For Q3, I prefer no commas. The punctuation is fine in "Our valuable employee Alexander was granted permission." It's fine with the variable too.

  • $\begingroup$ Some confirmation (link) that Our valuable employee Alexander was granted permission. is valid would be nice. Thanks. $\endgroup$ – Alexander Shukaev May 9 '14 at 22:07
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    $\begingroup$ Note that if you instead wrote "our valuable employee, Alexander,...," this would imply that Alexander was your only valuable employee. $\endgroup$ – Trevor Wilson May 9 '14 at 22:14
  • $\begingroup$ The first google hit for "our valuable employee" is similar and has no comma: "Happy Birthday to our valuable employee Leslie!" facebook.com/physicaltherapyunlimitedinc/posts/286130091418681 $\endgroup$ – Matt F. May 9 '14 at 22:22
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    $\begingroup$ @TrevorWilson, I believe that your example is a perfect illustration of a (to my mind somewhat confusingly named) non-restrictive clause en.wikipedia.org/wiki/… . $\endgroup$ – LSpice Jun 21 '17 at 22:37

No matter what you write, someone will misinterpret it. Your goal should be to minimize this misinterpretation. In this spirit, let me suggest some alternatives that you may find helpful.

For question 1, set up the premise that you will talk about a class of systems of similar configuration, but with adjustable parameters m,p, and q, where m is the number of computing units, and p and q bear some other characterizing relationship with the system S(m,p,q).

You can then say things like: "holding other things equal, systems with larger m finish sooner/have higher throughput/are more responsive/are faster". Of course, it might be better to use "larger number of computing units" than "larger m"; the point of the notation is to abbreviate: most readers capable of retaining context will make the translation "larger m" to "larger number of computing units" themselves, and likely can also do "have higher throughput" to "are faster" on their own.

In order for this to work well, some transition between wordy and brief which reinforces the intended translation is recommended, e.g. "One can see operating temperature in the graph rising according to m (number of computing units)." Usually one or two instances near the definition are enough for transition, but if you are using this thirty times or more, an occasional reminder can be useful.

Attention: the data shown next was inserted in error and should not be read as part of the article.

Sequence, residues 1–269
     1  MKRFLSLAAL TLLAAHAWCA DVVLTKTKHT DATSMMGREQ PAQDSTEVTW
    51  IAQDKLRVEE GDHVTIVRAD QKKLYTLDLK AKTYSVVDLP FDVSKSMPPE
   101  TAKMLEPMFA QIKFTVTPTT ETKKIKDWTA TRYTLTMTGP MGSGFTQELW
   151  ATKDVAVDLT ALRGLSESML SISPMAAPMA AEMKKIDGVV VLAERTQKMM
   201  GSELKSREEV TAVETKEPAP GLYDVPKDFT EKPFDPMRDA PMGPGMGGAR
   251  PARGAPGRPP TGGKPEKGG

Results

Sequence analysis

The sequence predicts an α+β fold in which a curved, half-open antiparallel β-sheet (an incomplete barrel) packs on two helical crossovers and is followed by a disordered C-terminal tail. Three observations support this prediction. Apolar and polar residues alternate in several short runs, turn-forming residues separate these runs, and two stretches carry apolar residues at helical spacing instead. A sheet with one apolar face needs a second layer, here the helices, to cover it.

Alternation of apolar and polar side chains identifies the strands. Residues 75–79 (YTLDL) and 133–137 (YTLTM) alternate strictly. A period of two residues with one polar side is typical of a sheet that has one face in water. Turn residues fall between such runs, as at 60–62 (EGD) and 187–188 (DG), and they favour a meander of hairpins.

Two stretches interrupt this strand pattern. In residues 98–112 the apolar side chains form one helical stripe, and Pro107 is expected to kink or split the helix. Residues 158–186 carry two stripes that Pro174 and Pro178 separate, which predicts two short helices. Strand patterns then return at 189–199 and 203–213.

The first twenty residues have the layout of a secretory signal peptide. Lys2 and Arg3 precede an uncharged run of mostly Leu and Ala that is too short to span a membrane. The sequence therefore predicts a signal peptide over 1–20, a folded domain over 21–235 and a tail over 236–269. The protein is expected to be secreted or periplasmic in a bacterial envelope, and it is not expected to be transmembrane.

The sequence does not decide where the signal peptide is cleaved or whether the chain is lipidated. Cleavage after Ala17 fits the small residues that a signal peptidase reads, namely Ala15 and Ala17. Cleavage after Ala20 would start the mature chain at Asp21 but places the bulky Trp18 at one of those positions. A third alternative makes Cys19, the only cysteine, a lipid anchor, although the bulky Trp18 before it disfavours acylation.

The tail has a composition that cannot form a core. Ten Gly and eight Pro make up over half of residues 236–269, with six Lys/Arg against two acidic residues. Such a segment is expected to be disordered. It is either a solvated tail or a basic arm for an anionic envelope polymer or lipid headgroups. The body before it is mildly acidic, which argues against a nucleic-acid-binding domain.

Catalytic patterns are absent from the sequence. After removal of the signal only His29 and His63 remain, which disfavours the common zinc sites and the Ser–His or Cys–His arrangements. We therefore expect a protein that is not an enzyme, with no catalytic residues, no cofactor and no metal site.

Regarding positioning of variable, you need to ensure consistency. This might be done the following way, which I will use for my interpretation of each of your three sentences:

  • Given stream v, consider v's average velocity.

  • Picking a stream and determining its average velocity using method M, let us call this average velocity v.

  • Notice the generality of method M in computing the average velocity of a stream. Let us denote the result of this method v (which depends on the stream), while later results using method N we will call w.

Note that as the notion of v changes, the description for it gets more complex. In all cases, there is a short sentences or phrase saying "This is what I will mean when I use v".

Note that the positioning of v inside the phrase/sentence is not as important as the existence of the phrase "v means this" or "let (descriptive phrase) be called v". If the phrase itself does not carry enough definitive punch, repeat with a clarification, e.g. "note that v is a result of method M in this chapter: next chapter we will use method N and the result w and provide contrasting statistical analyses of v and w".

Regarding punctuation, it is used according to certain conventions to alter meaning in certain ways. If you don't know how to use it, don't use it. Alternatively, when you do use it, provide an alternative that reinforces the intended interpretation. I will add two supporting statements for the case of one or two commas:

  • (one comma " v,") "While v can vary from stream to stream, we find the relationship momentum M = mv to hold for all streams studied."

  • (two commas ", v,") "As we will see, the numerical value v holds for all streams whose source is at the same altitude and have a common terminus at sea-level."

Gerhard "What Do These Quotes Mean?" Paseman, 2014.05.09